It used to work. When there were dozens of characters scattered across seven kingdoms, two continents, and more — and when there was a vast horizon of doom and deep historic depth cast by the shadow of the Night King, the Lord of Light, the Seven, and the children of the forest — every cut from one scene to another (often right after someone would say something significant, but before their interlocutor could reply) seemed to imply and evoke the vast distances over which the show was leaping; these cuts were the kind of sweeping gesture that made the world seem vast and old. Now the Night King and his magic friends are gone, and having collected all the characters into basically one location, the rest of the show seems small and unimportant. Gendry can be the new King of Baratheon-land because, why not, and there can be a new prince of Dorne, without a name, because why not? There will be no scenes in Dorne or the Stormlands. Bronn can be king of whichever kingdom they give him, because why not; it’s not like those are places. Tormund can go back to the north, but nothing will happen there. There will be no check-ins on how Daenerys’ cities in Essos are holding up. The rest of the world does not seem to matter.
It doesn’t work now because…the rest of the world clearly doesn’t matter. There has been a lot of talk about other people and other places, from Varys’ “unnamed people” to the new princelings of Dorne and the Stormlands and whatever castle they end up giving Bronn, and I guess there’s also the crowd of “the people” who are allowed to come inside the Red Keep, as human shields — but the show has otherwise contracted to a line separating The Good Guys from The Bad Guys. No one else really matters. And on some level, the show seems to want it that way; this is a show about What Will Happen To The Characters We Like Watching?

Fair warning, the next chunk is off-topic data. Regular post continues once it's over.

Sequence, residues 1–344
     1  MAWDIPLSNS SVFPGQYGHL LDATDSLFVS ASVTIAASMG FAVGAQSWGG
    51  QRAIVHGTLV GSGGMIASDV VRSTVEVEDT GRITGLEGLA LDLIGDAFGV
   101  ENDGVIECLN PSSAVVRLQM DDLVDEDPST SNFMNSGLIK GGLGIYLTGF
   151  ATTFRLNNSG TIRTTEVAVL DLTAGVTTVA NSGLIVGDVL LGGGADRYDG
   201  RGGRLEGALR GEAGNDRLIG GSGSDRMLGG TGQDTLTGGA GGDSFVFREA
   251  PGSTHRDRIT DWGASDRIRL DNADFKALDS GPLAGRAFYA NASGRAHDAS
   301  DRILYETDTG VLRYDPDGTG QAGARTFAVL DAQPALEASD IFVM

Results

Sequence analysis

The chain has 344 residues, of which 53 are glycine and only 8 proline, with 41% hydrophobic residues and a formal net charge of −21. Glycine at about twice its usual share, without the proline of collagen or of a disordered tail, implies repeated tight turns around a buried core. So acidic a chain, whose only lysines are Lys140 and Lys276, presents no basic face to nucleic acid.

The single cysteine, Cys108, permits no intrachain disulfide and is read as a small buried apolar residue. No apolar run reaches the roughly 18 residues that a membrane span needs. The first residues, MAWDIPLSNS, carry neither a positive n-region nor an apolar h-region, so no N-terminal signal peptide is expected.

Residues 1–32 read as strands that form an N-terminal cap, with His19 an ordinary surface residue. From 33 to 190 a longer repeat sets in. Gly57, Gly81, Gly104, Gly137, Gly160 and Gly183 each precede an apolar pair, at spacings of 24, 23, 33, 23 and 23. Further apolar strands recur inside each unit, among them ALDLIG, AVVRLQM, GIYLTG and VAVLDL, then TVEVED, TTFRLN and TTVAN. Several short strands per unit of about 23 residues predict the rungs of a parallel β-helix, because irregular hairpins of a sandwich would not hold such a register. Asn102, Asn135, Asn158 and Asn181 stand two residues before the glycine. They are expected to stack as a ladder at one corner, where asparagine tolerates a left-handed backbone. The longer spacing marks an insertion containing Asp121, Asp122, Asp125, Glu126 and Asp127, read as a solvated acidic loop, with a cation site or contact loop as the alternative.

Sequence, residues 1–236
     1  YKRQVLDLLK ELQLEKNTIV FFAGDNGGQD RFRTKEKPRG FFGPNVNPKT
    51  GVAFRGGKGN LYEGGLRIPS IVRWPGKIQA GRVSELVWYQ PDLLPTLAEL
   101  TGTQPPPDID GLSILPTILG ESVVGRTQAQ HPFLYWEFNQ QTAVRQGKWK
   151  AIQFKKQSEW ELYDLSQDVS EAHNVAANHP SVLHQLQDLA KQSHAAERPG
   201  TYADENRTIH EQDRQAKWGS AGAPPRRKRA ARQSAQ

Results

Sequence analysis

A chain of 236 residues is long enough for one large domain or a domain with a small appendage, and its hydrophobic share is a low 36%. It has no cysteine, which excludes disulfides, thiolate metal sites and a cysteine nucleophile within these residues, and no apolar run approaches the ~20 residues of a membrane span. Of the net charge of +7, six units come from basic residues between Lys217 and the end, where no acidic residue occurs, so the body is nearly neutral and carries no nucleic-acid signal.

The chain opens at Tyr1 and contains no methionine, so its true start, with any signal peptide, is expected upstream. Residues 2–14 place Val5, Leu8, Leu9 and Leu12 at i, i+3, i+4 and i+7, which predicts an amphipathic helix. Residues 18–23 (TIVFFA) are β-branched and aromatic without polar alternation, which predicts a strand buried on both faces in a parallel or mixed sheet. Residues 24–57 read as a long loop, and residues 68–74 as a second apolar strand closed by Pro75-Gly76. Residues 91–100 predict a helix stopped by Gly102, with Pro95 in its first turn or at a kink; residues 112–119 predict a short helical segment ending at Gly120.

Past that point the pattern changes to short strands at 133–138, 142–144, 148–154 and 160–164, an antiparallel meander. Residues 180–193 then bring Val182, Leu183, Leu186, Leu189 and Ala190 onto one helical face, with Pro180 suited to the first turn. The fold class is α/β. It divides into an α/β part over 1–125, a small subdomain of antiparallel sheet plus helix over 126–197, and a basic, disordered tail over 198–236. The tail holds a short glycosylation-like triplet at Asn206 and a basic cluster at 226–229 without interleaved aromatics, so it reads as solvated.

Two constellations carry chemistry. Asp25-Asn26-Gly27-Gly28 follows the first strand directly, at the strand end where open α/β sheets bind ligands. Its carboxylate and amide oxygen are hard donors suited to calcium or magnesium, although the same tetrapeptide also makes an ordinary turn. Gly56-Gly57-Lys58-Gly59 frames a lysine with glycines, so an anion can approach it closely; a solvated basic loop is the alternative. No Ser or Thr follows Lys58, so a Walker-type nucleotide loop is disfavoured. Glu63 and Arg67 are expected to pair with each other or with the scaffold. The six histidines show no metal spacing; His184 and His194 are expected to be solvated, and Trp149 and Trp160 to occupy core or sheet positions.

Another thing the show wants is for Cersei to be boringly powerful. To make that happen, Euron has become what the dragons were for Daenerys, and it’s why Cersei has become as boring as Daenerys was when she had magic dragons that won every battle. Daenerys seemed unstoppable when she showed up on Westeros — with three dragons, a dozen advisors, and multiple armies (remember that she had the Tyrells, the Sand Snakes, AND the Iron Islands fleet?) — while Cersei had basically nothing. Ever since then, the show has been working hard to bring Daenerys down to earth and put Cersei in that position of overwhelming superiority. I think it’s been doing that because the only other option would have been to make Daenerys a mad, evil queen — something it’s head-faked a few times — but which it ultimately likes her too much to do. After all: Emilia Clarke is a star! Jon Snow loves her! Even the “bad” things she’s done are pale imitations of the bad things that have been done by basically most of the cast, and at the end of the day, she literally saved the realm with her dragons and armies, at personal cost, at a moment when it wasn’t clear that anyone else could or would.